We could check the Dodge action for when it makes an attack 50% or more likely to miss, but we can get more information by analyzing the average damage reduction. For simplicity, suppose a single attack deals 10 damage. We will check the damage reduction from both Dodge and Blade ward at different ACs and Hit bonuses.

So there are going to be several tables here, and eventually we will get to a table that shows exactly which combinations of AC and attacker hit bonus are better for Dodge or blade ward.

First, we have a basic expected damage table. Assume an attack deals 10 damage on a hit. For further simplicity, I am not considering critical hits or misses. We can still get close enough to what we need here without crits complicating things. Then the expected damage for the attack given an AC and hit bonus is:

enter image description here

When the attacks are made at disadvantage, our table looks like this:

enter image description here

So the average reduction in damage of the Dodge action is:

enter image description here

Finally, we subtract the blade ward numbers (the first table halved) from this table, and it well tell us when Dodge is better than blade ward:

enter image description here

The green cells indicate where Dodge is better than blade ward against an attack. So to use this table, you have to consider how many attack you expect to receive, what your own AC is, and where you think the attackers' hit bonus is at. As I stated in my first section, you can't know for sure, but if you think you;re going to fall in the green range, the Dodge action is probably better.

I know, I didn't address saving throws, but it was already complicated enough, and lots of saving throws you will encounter will be for more than just bludgeoning, piercing, or slashing, so if you're anticipating fireballs, obviously just Dodge.

Blade ward has its place when you suspect that a creature's attacks are especially likely to hit, either because your AC is terrible, or you suspect they have a very high bonus to hit.

  • \$\begingroup\$ So, to simplify the results of your table, am I correct to conclude that Blade Ward has value when the weapon attacks you face are especially likely to hit, either due to your enemy's skilled offense (high "to hit") or your weak defense (low AC)? \$\endgroup\$
    – gto
    Jun 1, 2021 at 8:59
  • \$\begingroup\$ @gto That is correct. \$\endgroup\$ Jun 1, 2021 at 9:00
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    \$\begingroup\$ It's interesting to see that, when Dodge is better, it's only slightly better, but when Blade Ward is better, it can be much better. This may make choosing Blade Ward a good default. \$\endgroup\$
    – gto
    Jun 1, 2021 at 9:04
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    \$\begingroup\$ Would it be worthwhile to add some pointers for other reasons to this answer? Ie; Blade Ward is entirely pointless when the effects are worse than damage (like getting shot by a Drow for 3 damage + Unconscious for an hour) but life-saving for attacks that might kill you outright through massive damage. \$\endgroup\$
    – Erik
    Jun 1, 2021 at 9:06
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    \$\begingroup\$ @Erik Im happy to provide the technical analysis here, there's lots more to say because the use cases are many, so I'll keep my answer focused on the analysis. \$\endgroup\$ Jun 1, 2021 at 9:09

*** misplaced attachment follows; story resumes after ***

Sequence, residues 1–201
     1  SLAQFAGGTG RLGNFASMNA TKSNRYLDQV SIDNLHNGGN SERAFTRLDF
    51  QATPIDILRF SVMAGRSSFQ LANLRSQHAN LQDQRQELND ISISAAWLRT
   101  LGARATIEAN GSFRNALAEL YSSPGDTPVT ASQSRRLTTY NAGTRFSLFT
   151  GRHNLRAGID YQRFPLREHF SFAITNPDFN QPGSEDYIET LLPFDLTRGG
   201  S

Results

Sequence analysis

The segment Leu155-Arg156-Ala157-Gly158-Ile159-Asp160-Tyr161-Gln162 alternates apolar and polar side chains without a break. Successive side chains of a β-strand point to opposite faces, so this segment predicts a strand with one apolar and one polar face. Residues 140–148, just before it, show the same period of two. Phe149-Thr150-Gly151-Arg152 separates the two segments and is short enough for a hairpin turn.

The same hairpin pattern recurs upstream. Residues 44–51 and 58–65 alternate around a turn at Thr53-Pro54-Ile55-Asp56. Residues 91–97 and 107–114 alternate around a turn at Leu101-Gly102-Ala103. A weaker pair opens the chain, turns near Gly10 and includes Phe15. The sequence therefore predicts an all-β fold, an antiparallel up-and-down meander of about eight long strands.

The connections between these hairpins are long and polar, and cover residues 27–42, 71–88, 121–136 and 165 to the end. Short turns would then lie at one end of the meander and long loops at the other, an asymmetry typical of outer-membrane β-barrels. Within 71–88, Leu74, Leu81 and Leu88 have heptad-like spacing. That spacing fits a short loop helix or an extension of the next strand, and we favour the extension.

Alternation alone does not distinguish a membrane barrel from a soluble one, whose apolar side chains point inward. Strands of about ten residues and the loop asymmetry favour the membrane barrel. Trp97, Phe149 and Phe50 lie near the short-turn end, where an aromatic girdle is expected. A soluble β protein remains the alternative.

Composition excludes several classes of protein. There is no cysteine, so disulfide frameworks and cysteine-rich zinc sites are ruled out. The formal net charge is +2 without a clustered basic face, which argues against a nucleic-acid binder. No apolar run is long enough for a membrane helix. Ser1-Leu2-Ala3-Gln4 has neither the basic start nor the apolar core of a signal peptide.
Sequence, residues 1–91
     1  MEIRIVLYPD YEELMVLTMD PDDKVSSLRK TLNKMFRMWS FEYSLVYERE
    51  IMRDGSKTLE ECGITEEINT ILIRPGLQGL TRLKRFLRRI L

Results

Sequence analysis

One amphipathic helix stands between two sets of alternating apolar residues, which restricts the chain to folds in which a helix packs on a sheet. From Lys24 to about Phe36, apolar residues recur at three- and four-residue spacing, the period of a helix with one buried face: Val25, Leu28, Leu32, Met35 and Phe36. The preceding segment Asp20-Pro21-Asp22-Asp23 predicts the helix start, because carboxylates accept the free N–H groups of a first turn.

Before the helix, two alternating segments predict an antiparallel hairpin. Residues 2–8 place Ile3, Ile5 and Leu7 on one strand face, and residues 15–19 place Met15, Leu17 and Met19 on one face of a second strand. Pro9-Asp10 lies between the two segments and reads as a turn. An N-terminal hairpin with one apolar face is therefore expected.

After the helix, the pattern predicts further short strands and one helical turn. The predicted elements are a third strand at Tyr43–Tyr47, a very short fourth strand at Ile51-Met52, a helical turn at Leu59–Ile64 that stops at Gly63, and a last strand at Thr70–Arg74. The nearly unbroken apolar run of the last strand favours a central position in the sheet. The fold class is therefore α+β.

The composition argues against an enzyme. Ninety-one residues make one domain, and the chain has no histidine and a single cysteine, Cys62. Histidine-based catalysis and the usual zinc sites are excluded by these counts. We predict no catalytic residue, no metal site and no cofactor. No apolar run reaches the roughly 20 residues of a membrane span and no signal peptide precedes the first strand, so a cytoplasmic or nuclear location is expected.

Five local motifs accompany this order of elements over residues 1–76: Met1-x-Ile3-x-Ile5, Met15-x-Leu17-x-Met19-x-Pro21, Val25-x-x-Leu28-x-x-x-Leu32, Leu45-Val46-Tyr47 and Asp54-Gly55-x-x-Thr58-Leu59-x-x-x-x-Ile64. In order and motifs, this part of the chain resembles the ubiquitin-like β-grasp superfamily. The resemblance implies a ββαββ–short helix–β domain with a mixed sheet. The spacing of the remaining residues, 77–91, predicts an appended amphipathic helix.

Because they are both crappy uses of your one and only Action.

The point of D&D combat is to reduce your opponent to 0hp before they do the same to you. Except in extremely niche and vanishingly rare cases neither of these options advance that goal. The pertinent question for action choice is “which action best assists me to win this combat.” Neither of these do that. At best they delay you losing.

Attack is a better choice. Cast a (better) Spell is a better choice. Dash and disengage are likely to be better choices. Hell, even Help is a better choice.

That said ...

Dodge is better

From an opportunity cost perspective.

Anyone can Dodge so it has no opportunity cost. Blade Ward takes up a rare and irreplaceable cantrip slot and there are so many better cantrips to put there.

That said ...

The mathematics is straightforward

  1. If you aren't going to be targeted by an attack, Dodge doesn't help.
  2. If you aren't at risk of suffering Bludgeoning, Piecing or Slashing damage, from weapons Blade Ward doesn't help.
  3. Otherwise ...

Dodge is as good or better than Blade Ward if:

$$ \sum_{i=1}^n(1-(1-h_i)^2)(B_i+b_i+O_i+o_i)+c_i^2(2B_i+b_i+2O_i+o_i)\ge\sum_{i=1}^n\lfloor{h_i(B_i+b_i+O_i+o_i)+c_i(2B_i+b_i+2O_i+o_i)}\rfloor $$

where $$ \begin{align} i&=\text{the }i\text{th attack}\\ n&=\text{the total number of attacks}\\ h_i&=\text{the chance of the }i\text{th attack hitting normally}\\ c_i&=\text{the chance of the }i\text{th attack hitting critically}\\ B_i&=\text{a random variable representing the rolled Bludgeoning, Piercing or Slashing weapon damage from the }i\text{th attack}\\ b_i&=\text{the bonus Bludgeoning, Piercing or Slashing weapon damage from the }i\text{th attack}\\ O_i&=\text{a random variable representing the rolled Other damage from the }i\text{th attack}\\ o_i&=\text{the bonus Other damage from the }i\text{th attack}\\ \end{align} $$

Once you know the variables, the computation is straightforward.

However, in practice, you will rarely if ever know any of the variables in enough detail to make more than an educated guess.

  • 4
    \$\begingroup\$ Indulging my pedantry - in terms of net hit point benefit, I suspect it's usually the case that Dodge is better than Help. Disadvantage on all the attacks you would suffer in a round likely works out better than advantage on one attack an ally makes. \$\endgroup\$
    – Carcer
    Jun 1, 2021 at 14:08
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    \$\begingroup\$ Just a minor qualm with the last point. With the Tasha's rules cantrips are not necessarily immutable if your DM allows those options. \$\endgroup\$
    – Slagmoth
    Jun 1, 2021 at 14:24
  • 1
    \$\begingroup\$ A lot of people really underestimate the dodge action, especially in the early game and with a spread party. If you can have a front line fighter stand up the front and be really hard to hit then the squishier ranged characters can take their shots. The more enemies the fighter can hold up the more useful that dodge action is - its disadvantage on all attacks that turn. I understand the logic that fewer enemies helps action economy but dodge means they're all much less likely to hit with their turns. \$\endgroup\$ Jun 1, 2021 at 17:58